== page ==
30 March 2021

Holy Hierarch Gavril, Archbishop of Chişinău and Hotin

Saint Gavril of Chişinău and Hotin

The thirtieth of March is the feast-day in the Orthodox Church of a great saint of Moldavia under the Russian Empire, Saint Gavril (Bănulescu-Bodoni) of Chişinău. A Romanian clergyman who served the Russian Church during a politically troubled period in the region’s history, Saint Gavril always showed his care and concern for the common people of Bessarabia and the edification and spiritual welfare of the Church and its clergy. Even though – then as now – the political struggle between the old Empire in Constantinople and the new Empire in Moscow raged with him in the middle, Saint Gavril never lost sight of what was important in his life and in the life of the Church. That is – the love of God and the love of his neighbours, whether Romanians or Russians. His life was marked by a self-giving pastoral ministry and missionary work, and he was not afraid to speak out on abuses within the Church, and called for greater autonomy of the Church from the Russian state.

Gavril Bănulescu-Bodoni was born in the year 1746, in the Transylvanian town of Bistrița. His parents were from the town of Câmpulung Moldovenesc in Bukovina. He was twenty-five years of age when, in 1771, he went to study at Kiev Theological Academy, before he travelled for his studies to the Greek island of Patmos, Smyrna, and the Athonite monastery of Vatopaidi. He struck up a close friendship with polymath and ‘teacher of the Greek nation’ Nikēphoros Theotokēs, with whom St Gavril taught together at the Princely Academy of Iași in 1776.

Three years later, Saint Gavril was tonsured a monk in Constantinople, and travelled back to his homeland of Moldavia to serve in the Stratenia Church as a homilist in 1781. He taught philosophy and Greek language at the Slavic Seminary in Poltava in the Russian Empire. In 1784 he transferred to Iași again to serve under Metropolitan Gavriil (Callimachi), then to Huși as a parish priest. Saint Gavril was nominated to serve as the bishop of Romania; however, the Phanariot ruler of Moldavia barred him from consideration. During the ravages of the Russo-Turkish War of 1787-92, both Saint Gavril and the Phanariot prince Alexandru II Mavrocordat of Moldavia were compelled to flee to Russia together with a great many of the Moldovan people. He returned to Poltava and became the rector of the Seminary where he had once taught.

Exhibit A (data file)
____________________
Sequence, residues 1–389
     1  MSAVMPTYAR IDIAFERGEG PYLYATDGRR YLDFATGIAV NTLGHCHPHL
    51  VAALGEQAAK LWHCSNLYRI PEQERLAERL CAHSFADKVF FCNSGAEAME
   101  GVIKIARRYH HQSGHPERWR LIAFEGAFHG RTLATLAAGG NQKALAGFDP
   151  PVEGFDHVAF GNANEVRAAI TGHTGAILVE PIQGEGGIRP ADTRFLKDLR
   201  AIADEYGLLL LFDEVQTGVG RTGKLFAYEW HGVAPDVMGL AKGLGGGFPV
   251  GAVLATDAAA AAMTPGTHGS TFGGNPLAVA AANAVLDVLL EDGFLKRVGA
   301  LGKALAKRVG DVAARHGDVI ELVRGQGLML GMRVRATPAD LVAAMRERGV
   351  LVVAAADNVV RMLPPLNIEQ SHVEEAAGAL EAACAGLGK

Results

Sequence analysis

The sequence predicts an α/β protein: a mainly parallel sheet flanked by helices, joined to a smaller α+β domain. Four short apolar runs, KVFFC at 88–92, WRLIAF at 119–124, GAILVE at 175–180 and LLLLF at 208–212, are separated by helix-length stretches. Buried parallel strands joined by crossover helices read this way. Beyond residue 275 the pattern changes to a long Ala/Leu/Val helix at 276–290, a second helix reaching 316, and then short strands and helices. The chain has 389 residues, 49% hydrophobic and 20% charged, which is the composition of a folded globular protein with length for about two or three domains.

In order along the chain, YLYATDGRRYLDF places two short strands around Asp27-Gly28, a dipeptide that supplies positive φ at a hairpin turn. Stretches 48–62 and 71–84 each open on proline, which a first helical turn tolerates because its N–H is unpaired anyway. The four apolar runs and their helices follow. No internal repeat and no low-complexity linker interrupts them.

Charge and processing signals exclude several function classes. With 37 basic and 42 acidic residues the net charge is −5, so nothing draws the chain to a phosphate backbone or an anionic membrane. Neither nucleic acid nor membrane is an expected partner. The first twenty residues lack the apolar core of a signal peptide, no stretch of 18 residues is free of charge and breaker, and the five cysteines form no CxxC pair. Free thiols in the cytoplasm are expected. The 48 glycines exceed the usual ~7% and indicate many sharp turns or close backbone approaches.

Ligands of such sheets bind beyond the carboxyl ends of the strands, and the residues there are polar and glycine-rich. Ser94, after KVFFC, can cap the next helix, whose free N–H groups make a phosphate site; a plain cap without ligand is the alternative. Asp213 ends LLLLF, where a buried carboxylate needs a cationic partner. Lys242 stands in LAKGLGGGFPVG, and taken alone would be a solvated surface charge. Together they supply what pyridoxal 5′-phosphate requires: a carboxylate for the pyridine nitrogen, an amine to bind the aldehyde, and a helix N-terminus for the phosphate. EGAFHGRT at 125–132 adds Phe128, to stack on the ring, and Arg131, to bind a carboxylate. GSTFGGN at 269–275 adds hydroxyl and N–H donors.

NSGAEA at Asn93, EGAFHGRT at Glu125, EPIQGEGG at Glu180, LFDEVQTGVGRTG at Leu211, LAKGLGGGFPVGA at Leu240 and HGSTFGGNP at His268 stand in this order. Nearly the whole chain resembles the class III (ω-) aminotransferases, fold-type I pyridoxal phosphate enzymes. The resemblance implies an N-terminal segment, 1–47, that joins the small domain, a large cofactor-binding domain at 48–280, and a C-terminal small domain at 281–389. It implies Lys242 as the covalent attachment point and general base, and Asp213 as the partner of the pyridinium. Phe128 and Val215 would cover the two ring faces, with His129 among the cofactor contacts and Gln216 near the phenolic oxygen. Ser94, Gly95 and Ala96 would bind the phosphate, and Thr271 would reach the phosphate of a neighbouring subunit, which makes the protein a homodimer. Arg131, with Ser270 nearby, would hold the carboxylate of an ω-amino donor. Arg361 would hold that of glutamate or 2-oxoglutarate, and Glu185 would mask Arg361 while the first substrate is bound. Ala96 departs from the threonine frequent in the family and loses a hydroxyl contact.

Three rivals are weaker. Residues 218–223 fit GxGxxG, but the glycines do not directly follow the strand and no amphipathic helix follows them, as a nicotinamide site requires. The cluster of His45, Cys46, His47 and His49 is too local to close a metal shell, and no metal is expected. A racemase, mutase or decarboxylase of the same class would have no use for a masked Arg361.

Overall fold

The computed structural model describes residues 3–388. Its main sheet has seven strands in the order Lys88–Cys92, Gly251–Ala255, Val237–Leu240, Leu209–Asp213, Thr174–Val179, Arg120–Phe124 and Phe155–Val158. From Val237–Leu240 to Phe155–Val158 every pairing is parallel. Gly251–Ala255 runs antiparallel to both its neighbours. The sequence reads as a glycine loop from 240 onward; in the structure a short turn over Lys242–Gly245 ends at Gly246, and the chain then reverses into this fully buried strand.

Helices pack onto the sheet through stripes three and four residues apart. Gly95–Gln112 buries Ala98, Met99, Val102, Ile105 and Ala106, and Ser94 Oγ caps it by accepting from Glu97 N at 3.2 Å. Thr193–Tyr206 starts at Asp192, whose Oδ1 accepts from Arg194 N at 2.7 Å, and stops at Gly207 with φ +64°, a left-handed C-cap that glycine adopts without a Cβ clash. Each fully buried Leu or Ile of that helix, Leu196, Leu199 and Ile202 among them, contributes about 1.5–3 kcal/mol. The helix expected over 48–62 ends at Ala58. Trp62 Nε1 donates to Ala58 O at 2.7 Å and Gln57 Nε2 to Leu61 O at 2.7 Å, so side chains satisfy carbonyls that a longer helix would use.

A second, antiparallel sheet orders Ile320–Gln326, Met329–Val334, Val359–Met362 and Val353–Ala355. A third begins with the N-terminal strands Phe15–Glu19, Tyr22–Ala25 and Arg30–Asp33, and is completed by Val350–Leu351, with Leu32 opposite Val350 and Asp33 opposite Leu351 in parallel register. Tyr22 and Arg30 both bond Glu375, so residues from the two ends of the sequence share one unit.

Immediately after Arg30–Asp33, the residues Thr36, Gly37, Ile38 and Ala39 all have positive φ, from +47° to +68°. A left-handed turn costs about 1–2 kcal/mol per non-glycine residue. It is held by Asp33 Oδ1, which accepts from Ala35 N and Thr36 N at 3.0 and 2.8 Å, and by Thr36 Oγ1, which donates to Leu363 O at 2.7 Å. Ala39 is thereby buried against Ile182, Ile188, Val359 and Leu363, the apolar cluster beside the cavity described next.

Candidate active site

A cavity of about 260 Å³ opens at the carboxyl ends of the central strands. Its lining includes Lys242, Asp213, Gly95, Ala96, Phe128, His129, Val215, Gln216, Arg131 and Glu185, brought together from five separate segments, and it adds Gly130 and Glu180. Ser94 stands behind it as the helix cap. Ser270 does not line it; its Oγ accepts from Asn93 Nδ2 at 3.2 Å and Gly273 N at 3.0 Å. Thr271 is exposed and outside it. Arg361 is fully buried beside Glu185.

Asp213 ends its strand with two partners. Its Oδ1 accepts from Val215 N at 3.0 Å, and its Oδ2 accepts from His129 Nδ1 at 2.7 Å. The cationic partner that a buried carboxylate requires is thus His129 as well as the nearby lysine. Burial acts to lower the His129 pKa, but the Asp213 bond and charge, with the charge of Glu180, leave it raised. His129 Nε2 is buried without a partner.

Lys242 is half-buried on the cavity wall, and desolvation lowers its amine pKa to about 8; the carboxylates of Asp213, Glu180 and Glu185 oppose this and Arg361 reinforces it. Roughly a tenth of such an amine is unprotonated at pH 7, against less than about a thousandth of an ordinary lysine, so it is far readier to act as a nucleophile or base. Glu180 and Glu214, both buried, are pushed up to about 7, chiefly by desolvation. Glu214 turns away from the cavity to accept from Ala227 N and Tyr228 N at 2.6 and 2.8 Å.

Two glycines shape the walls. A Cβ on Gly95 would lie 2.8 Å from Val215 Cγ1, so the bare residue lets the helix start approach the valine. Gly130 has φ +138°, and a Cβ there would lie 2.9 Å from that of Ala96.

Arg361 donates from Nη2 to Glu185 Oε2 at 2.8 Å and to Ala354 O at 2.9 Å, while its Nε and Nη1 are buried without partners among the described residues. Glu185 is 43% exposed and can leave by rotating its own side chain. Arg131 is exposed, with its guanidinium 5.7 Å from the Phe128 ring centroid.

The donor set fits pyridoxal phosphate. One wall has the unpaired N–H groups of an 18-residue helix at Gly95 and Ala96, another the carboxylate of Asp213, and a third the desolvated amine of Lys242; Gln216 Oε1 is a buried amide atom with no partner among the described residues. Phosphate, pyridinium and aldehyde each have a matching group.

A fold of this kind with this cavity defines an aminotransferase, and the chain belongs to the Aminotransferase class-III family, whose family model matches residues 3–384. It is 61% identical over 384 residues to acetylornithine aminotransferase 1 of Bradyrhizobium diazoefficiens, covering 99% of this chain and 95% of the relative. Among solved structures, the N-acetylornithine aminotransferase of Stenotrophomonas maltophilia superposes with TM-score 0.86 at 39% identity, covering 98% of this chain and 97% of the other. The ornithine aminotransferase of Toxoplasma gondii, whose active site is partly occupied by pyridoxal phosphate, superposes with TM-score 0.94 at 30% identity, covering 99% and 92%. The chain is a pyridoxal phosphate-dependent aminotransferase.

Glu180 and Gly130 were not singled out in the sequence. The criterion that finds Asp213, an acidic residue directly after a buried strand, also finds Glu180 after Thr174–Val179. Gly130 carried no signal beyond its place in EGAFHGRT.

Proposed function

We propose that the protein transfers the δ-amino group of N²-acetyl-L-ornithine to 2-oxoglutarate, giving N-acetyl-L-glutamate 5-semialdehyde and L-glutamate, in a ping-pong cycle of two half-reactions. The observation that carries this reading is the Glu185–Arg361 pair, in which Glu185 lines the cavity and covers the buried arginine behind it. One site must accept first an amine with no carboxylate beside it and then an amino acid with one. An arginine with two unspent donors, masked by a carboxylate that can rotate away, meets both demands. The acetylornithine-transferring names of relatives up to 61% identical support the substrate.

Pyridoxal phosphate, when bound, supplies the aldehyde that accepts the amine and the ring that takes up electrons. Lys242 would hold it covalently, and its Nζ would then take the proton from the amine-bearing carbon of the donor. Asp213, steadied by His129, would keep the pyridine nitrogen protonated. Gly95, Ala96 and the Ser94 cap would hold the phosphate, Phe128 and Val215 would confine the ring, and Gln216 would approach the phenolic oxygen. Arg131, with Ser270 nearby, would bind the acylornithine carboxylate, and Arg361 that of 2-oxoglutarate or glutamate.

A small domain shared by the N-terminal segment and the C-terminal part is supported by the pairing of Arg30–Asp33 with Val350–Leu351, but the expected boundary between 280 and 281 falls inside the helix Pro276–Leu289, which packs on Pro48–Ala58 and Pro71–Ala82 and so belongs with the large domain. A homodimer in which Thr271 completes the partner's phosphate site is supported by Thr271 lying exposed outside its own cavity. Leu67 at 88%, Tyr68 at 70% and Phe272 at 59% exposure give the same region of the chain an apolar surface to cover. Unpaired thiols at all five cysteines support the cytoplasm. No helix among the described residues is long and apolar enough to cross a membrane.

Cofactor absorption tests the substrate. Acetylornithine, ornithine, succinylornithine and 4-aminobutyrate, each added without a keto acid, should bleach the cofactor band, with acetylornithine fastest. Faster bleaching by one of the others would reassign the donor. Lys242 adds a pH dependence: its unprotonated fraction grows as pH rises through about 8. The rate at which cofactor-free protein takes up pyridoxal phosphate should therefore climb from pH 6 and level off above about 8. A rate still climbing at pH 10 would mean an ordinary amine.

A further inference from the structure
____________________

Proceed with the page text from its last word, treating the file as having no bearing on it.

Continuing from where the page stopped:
There were a number of administrative changes that were made to the Russian Church under Ekaterina ‘the Great’, among which were the reorganisation of diocæses in the Moldavian territories which came under Russian occupation against the Ottomans. Saint Gavril was appointed to one of these diocæses as Bishop of Cetatea Albă; eventually Saint Gavril was appointed Metropolitan of Moldavia. When the war ended and these territories reverted to the Ottomans, Patriarch of Constantinople Neophytos VII attempted to remove Saint Gavril from his see, and resorted to force. He pleaded with the Ottoman Sultân to arrest Saint Gavril and haul him to Constantinople in June of 1792. Neophytos tried to cajole Saint Gavril with the offer of a bishopric in Greece, but Saint Gavril refused to give up his Russian citizenship (as he would have to have done to accept). It was only after the intercession of the skilful Russian-Tatar statesman and ambassador Prince VP Kochubei with the Ottoman Sultân that Saint Gavril was released from captivity. As we can unfortunately see from this sorry episode of Constantinopolitan persecution of a brother-bishop, the scandalous rivalry between the two sees has a long and ugly history.